Telegraphic address

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The telegraphic address of Patent agents G.F. Redfern & Co. of London, was the cursive name INVENTION as perforated on stamps used by the company on this circa 1900 stamp.

A telegraphic address or cable address was a unique identifier code for a recipient of telegraph messages. Operators of telegraph services regulated the use of telegraphic addresses to prevent duplication. Rather like a uniform resource locator (URL), the telegraph address did not contain any routing information (aside from possibly a city name), but instead could be looked up by telegraph office personnel, who would then manually direct the message to the office nearest the destination or to an intermediate office. Since the destination address of a telegram counted as part of the message, using a short registered address code saved the expense of sending a complete street address.[1] Telegraph addresses were chosen either as versions of a company's name or as a memorable short word, somehow associated with the recipient. Occasionally, an organization would be best known by its telegraphic address, for example Interflora or Interpol. A telegraphic address was a valuable part of a company's corporate identity, and disputes sometimes arose when a competitor registered a telegraphic address similar to a trade name or identifier used by a rival.[2]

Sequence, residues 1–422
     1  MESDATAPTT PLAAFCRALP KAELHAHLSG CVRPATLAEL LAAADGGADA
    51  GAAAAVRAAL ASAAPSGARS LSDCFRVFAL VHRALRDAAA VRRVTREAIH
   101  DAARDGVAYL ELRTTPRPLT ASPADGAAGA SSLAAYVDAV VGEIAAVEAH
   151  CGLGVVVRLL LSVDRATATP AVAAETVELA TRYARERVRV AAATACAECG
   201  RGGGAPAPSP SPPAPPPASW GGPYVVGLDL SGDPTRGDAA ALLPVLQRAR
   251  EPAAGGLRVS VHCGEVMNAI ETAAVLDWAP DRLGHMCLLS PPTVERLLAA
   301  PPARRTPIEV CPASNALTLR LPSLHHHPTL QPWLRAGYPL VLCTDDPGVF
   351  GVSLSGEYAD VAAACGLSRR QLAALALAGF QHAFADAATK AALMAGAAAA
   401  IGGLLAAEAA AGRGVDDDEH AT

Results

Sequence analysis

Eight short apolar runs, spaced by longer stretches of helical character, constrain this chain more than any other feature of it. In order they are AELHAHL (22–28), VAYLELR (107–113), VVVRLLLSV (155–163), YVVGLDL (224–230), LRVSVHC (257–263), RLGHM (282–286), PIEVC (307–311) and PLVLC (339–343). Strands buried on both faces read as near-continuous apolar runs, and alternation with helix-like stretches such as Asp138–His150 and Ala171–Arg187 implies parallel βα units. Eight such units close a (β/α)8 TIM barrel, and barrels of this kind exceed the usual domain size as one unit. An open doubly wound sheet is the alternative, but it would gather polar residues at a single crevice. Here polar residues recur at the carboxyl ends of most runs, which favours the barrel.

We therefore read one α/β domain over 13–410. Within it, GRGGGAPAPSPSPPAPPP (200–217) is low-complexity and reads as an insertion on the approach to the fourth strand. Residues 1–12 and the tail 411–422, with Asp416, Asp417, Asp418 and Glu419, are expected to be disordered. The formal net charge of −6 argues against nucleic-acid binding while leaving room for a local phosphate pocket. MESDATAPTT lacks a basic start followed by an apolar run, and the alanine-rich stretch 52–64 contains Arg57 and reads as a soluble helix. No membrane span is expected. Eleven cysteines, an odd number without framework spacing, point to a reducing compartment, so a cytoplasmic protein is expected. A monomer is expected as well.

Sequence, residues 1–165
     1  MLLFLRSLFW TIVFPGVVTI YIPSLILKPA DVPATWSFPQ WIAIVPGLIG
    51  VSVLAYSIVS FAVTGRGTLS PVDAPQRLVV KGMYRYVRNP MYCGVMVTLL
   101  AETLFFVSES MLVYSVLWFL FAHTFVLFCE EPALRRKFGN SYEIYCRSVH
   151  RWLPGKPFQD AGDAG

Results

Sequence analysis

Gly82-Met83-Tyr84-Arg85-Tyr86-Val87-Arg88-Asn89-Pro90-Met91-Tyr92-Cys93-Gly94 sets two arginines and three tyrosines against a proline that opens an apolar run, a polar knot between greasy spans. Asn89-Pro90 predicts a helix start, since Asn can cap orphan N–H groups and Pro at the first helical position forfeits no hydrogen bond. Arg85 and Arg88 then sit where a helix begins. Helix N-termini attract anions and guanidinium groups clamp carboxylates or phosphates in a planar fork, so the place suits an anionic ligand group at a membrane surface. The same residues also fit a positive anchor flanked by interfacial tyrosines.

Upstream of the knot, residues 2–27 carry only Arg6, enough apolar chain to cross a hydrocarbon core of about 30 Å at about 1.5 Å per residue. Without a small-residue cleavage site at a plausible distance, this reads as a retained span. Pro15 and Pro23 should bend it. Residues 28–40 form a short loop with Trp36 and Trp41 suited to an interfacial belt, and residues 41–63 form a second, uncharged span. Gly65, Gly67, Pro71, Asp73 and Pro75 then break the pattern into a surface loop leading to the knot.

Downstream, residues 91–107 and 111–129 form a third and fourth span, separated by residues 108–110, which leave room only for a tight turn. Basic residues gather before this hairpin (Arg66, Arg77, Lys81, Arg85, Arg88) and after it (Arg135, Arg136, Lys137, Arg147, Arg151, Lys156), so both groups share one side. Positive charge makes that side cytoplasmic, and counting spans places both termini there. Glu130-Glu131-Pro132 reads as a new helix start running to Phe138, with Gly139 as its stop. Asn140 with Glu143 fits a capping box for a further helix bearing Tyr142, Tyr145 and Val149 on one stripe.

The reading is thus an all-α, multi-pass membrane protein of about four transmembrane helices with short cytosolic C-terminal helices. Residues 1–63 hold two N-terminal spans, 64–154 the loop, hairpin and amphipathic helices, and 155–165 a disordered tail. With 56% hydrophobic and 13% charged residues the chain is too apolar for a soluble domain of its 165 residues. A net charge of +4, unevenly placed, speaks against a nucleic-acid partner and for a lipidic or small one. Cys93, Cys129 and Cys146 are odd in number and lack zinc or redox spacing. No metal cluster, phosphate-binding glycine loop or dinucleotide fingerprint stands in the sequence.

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References[edit]

  1. ^ Adams Cable Codex, E.A.Adams & Co, 1894 page 3
  2. ^ Roland Wenzlhuemer, Connecting the Nineteenth-Century World: The Telegraph and Globalization, Cambridge University Press, 2013, ISBN 1107025281, pages 1-4